spiralling downwards at a vertiginous pace.

The debt has exploded under the EU-IMF Troika
programme. It is heading for 180pc of GDP by next
year. Even under the haircut deal, Greek debt will
be 120pc of GDP in 2020 after nine years of
depression. That is not cure, it is a punitive

Anonymous said...

The World from Berlin
Greek Exit From Euro Zone Just a 'Matter of Time',1518

Anonymous said...

"We will not implement any program by force,
but only with the consent of the Greek people.

This is our democratic tradition and we demand that
it is also respected abroad."

-- Greek prime minister George Papandreou

Anonymous said...

Euro area leaders talked openly for the first time of
a possible Greek exit from the 17-nation currency
area, seeking to maximize pressure on Athens and
to preserve the euro in case of a Greek "no" vote.

Merkel told a midnight news conference that while
she would prefer to stabilize the euro with Greece
as a member, the top priority was saving the euro,
not rescuing the Greeks.

The chairman of euro zone finance ministers,
Luxembourg Prime Minister Jean-Claude Juncker,
said policymakers were working on possible
scenarios for a Greek exit.

"We are working on the subject of how to ensure
there is not a disaster for the people in Germany,
Luxembourg, the euro zone. We are absolutely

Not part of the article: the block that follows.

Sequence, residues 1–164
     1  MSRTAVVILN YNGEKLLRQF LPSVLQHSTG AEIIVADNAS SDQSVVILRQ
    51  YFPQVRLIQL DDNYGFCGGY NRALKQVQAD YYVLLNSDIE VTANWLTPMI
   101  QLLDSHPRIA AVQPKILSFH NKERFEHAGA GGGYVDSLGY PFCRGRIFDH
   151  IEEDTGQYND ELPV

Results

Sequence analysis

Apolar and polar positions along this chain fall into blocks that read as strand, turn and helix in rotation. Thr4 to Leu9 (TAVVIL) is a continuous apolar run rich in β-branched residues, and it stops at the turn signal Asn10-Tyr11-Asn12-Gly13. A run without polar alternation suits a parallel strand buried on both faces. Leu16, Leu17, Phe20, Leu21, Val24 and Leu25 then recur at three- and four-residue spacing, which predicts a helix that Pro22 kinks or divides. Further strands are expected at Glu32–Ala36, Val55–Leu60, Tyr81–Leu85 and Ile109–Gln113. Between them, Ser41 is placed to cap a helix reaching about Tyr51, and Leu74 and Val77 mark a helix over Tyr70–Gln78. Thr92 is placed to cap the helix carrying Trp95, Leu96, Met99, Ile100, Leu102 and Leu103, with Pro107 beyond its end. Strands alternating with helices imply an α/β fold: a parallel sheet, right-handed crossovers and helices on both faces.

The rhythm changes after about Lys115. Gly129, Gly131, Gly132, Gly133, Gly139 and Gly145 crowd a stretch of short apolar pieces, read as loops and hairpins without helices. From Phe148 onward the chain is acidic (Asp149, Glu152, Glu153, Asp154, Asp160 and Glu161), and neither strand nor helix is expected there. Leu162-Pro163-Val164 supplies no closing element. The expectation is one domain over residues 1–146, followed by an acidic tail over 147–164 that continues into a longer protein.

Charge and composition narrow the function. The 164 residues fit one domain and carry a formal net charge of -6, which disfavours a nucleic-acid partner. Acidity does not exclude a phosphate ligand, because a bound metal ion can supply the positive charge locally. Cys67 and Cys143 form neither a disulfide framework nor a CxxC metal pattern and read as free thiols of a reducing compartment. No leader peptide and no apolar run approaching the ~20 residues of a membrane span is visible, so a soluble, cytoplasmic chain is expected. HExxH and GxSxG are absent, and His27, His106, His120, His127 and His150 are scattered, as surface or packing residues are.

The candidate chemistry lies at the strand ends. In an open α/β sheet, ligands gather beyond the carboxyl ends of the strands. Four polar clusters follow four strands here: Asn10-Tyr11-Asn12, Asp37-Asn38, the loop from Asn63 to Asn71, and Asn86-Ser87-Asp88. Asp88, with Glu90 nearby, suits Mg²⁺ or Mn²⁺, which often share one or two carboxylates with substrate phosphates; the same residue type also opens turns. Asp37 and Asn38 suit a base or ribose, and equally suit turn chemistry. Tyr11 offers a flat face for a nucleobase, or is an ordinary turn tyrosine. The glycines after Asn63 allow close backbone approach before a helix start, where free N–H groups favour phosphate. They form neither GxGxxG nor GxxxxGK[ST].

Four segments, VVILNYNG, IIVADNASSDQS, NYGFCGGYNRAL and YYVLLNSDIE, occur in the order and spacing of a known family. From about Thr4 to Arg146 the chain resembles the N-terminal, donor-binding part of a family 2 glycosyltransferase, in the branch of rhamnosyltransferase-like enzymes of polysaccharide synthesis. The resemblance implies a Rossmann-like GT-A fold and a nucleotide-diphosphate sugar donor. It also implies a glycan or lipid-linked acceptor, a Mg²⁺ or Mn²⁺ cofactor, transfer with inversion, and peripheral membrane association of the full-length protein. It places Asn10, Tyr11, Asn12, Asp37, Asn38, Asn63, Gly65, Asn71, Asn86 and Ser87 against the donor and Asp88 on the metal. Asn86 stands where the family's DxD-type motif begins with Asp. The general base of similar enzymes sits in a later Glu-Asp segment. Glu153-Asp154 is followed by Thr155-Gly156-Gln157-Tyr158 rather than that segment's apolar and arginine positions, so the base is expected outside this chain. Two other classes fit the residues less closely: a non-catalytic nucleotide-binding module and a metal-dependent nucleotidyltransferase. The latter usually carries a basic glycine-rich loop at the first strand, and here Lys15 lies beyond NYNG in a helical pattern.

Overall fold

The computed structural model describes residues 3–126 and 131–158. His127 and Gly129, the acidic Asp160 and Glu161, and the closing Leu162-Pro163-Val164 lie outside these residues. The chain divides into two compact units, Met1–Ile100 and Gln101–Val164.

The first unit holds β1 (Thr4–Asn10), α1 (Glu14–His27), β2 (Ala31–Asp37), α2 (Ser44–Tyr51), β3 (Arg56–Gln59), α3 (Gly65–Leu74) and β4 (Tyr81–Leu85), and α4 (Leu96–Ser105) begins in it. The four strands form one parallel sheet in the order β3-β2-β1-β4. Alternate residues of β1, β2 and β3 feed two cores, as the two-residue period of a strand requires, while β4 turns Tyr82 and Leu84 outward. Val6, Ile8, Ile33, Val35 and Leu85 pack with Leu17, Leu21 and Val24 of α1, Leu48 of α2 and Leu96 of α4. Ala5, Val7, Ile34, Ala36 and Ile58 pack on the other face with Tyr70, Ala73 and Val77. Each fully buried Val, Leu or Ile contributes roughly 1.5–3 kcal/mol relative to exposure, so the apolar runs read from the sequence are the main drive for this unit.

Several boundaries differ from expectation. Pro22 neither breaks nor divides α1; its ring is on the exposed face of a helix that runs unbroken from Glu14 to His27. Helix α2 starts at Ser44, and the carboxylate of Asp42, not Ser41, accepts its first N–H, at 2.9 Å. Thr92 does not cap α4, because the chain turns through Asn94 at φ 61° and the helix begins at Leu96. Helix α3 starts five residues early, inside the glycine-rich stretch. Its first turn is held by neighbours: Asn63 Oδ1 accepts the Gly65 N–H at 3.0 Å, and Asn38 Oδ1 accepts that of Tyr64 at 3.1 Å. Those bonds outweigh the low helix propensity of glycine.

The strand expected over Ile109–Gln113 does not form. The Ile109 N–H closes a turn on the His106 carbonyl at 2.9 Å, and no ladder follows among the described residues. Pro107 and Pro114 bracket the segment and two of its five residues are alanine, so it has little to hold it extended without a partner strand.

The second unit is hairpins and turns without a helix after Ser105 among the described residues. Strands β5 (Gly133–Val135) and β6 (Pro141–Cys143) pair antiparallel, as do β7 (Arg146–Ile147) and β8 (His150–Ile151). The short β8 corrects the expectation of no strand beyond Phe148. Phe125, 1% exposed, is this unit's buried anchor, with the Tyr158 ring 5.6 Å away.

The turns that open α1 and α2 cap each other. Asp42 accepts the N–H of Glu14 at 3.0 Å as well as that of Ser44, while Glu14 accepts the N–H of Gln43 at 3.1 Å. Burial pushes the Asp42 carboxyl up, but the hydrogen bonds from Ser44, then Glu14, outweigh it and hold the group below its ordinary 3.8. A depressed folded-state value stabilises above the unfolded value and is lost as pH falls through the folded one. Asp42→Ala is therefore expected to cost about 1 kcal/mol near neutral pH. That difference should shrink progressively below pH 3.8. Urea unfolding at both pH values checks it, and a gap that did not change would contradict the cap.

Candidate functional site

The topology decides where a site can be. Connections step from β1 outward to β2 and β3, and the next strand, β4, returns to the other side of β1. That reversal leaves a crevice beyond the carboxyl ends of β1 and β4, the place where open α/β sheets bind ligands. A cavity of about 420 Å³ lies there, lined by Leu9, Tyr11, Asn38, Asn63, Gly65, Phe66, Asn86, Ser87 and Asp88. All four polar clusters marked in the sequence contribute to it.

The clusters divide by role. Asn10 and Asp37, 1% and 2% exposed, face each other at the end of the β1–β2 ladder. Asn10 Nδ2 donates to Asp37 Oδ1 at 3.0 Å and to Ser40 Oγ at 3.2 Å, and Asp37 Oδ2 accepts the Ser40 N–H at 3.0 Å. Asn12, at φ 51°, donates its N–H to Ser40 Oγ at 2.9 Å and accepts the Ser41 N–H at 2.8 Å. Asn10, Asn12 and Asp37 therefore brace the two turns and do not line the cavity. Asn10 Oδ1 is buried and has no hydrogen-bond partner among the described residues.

prepared for the situation,"
Juncker told Germany's
ZDF television.

France's Europe minister, Jean Leonetti, said bluntly
the euro could survive without Greece.

"Greece is something we can get over, something
we can live without,"
he told RTL radio in an

Graham Lyons said...

A well-connected Greek PhD student told me in 1993 that no one pays their taxes in his country and a large proportion of the population shuffle paper in civil service-style pseudo jobs. Not only that, most of the paper shufflers will shuffle paper in your favored direction if bribed to do so.
When tax income does not balance govt. expenditure then shortfalls must be covered by borrowing. And Greece has borrowed for decades.

John Murphy said...


You write well but I do not share your world view. I've lived in Europe and witnessed the internecine conflicts and a social structure that relies upon fewer individuals supporting a growing group of beneficiaries; not unlike the situation in the US.